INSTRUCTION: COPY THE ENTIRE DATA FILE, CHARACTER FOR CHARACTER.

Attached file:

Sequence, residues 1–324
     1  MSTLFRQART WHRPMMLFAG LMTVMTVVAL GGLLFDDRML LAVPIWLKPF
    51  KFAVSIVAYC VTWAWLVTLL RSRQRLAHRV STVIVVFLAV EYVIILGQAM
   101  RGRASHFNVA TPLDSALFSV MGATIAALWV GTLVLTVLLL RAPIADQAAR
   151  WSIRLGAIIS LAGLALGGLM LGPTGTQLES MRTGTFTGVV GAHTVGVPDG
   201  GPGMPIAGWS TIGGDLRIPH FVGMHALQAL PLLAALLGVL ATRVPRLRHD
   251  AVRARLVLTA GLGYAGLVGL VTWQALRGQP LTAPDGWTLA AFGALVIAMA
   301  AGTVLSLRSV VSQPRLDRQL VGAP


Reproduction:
Sequence, residues 1–324
     1  MSTLFRQART WHRPMMLFAG LMTVMTVVAL GGLLFDDRML LAVPIWLKPF
    51  KFAVSIVAYC VTWAWLVTLL RSRQRLAHRV STVIVVFLAV EYVIILGQAM
   101  RGRASHFNVA TPLDSALFSV MGATIAALWV GTLVLTVLLL RAPIADQAAR
   151  WSIRLGAIIS LAGLALGGLM LGPTGTQLES MRTGTFTGVV GAHTVGVPDG
   201  GPGMPIAGWS TIGGDLRIPH FVGMHALQAL PLLAALLGVL ATRVPRLRHD
   251  AVRARLVLTA GLGYAGLVGL VTWQALRGQP LTAPDGWTLA AFGALVIAMA
   301  AGTVLSLRSV VSQPRLDRQL VGAP